Vegetation and Animal Performance Responses to Stocking Density Grazing Systems in Nebraska Sandhills Meadows

Bianca O. Andrade, Aaron Shropshire, Jordan R. Johnson, Miles D. Redden, Torie Semerad, Jonathan M. Soper, Ben Beckman, Jessica Milby, Kent M. Eskridge, Jerry D. Volesky, Walter H. Schacht

Research output: Contribution to journalArticlepeer-review

6 Scopus citations


Management-intensive grazing, which is proposed to increase forage and animal productivity and maintain soil integrity and biodiversity, is seen as an alternative to meet 21st century agricultural and environmental challenges. The purpose of this study was to test the hypothesis that high levels of trampling of standing vegetation associated with mob grazing (a.k.a., ultrahigh stocking density) leads to increased plant diversity and productivity. A long-term experiment was established on a subirrigated meadow in the Nebraska Sandhills as a complete block design comparing three grazing treatments applied annually during the growing season for 8 consecutive yr (2010−2017): 120-pasture rotation with one grazing cycle (mob; 225 000 kg live weight ha−1), four-pasture rotation with one grazing cycle (4PR1; 7 000 kg live weight ha−1), and four-pasture rotation with two grazing cycles (4PR2; 5 000 kg live weight ha−1). All treatments were set at a moderate stocking rate (7.4 animal unit months ha−1) using yearling steers. Percentage trampling, plant production, species composition, and steer weight gain were estimated annually. We applied linear mixed-effect models to account for year and treatment effect on the response variables. Percentage trampling on mob pastures ranged from 40% to 55% over the 8 yr of the study, nearly double that of the 4PR1 and 4PR2 pastures. We observed that mob grazing had no overall effect on plant species composition, aboveground production, and root growth relative to low stocking densities. Average daily gain of steers in the mob pastures was less than gain of steers in 4PR2 pastures in all years, with intermediate weight gains for the 4PR1 steers. Overall, stocking density did not appear to be a driver of plant composition and productivity in rotationally grazed pastures on subirrigated meadows in the Nebraska Sandhills.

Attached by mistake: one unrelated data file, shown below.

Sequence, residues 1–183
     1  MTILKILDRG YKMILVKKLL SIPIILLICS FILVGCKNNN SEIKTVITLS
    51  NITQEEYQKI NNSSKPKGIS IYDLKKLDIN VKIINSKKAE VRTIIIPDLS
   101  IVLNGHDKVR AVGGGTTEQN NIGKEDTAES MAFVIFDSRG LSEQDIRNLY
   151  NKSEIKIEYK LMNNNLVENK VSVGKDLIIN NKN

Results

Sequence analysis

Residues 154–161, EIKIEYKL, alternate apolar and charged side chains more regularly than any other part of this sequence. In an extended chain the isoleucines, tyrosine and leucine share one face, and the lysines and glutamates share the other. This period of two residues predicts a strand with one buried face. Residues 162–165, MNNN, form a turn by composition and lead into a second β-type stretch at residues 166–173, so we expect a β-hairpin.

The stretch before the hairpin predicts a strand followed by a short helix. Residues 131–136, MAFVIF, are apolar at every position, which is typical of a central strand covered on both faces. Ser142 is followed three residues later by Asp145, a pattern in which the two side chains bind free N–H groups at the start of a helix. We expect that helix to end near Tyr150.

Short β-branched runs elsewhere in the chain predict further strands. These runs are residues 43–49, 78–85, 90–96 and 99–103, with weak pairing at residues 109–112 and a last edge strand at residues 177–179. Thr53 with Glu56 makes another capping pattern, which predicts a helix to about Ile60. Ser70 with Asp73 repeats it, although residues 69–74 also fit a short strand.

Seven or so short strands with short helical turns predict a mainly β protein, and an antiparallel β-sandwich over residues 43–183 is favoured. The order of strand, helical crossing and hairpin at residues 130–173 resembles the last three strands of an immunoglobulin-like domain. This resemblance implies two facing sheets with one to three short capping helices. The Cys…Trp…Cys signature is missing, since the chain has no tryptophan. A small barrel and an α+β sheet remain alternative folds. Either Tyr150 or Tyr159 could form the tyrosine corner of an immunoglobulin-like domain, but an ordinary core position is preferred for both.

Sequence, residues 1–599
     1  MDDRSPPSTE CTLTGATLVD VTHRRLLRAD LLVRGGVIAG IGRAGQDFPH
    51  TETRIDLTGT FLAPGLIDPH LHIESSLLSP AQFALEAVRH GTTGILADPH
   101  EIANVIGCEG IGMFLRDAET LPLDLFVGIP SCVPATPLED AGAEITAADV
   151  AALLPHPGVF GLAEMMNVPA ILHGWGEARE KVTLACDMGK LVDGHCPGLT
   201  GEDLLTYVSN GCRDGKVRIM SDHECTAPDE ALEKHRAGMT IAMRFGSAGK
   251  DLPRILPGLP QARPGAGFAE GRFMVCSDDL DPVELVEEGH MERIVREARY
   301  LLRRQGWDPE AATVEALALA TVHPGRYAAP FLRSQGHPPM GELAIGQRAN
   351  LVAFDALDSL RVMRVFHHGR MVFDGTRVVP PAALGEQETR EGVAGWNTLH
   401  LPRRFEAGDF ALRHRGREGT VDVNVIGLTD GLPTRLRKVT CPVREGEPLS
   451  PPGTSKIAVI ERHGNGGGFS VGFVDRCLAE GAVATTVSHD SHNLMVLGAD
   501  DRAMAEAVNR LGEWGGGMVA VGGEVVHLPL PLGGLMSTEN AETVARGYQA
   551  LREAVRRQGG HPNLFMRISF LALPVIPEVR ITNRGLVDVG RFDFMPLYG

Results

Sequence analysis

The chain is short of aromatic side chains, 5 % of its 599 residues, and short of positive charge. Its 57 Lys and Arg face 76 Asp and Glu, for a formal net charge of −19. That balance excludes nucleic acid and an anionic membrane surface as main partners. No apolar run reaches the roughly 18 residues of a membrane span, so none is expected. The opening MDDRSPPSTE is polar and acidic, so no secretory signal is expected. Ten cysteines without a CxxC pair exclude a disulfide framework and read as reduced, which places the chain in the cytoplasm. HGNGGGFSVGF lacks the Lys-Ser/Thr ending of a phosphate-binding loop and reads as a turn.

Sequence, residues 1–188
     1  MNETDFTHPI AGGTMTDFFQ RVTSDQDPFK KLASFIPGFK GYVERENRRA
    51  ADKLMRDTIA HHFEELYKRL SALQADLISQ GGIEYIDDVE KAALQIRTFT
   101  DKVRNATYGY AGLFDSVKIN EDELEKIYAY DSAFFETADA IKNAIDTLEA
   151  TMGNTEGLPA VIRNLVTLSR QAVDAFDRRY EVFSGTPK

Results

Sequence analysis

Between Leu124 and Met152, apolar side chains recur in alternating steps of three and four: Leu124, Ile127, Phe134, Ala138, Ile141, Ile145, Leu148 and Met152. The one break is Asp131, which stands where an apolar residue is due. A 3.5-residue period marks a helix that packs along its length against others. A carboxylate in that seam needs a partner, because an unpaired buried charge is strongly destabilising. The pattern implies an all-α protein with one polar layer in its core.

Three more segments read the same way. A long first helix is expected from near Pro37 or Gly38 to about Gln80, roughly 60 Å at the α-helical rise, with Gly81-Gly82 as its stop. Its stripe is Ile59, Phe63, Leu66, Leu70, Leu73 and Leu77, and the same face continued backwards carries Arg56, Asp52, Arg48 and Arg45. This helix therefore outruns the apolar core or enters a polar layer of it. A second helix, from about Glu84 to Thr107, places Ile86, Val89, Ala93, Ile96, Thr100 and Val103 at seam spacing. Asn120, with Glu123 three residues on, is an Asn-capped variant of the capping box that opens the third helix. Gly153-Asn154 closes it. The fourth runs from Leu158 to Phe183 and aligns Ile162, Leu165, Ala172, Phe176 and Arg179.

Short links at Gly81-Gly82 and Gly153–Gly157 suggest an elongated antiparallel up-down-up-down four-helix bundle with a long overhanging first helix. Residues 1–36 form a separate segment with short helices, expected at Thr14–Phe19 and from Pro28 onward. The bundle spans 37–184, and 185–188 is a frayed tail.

Original languageEnglish (US)
Pages (from-to)86-96
Number of pages11
JournalRangeland Ecology and Management
StatePublished - May 2022


  • grazing system intensification
  • mob grazing
  • rotational grazing
  • ultrahigh stocking density

ASJC Scopus subject areas

  • Ecology
  • Animal Science and Zoology
  • Nature and Landscape Conservation
  • Management, Monitoring, Policy and Law


Dive into the research topics of 'Vegetation and Animal Performance Responses to Stocking Density Grazing Systems in Nebraska Sandhills Meadows'. Together they form a unique fingerprint.

Cite this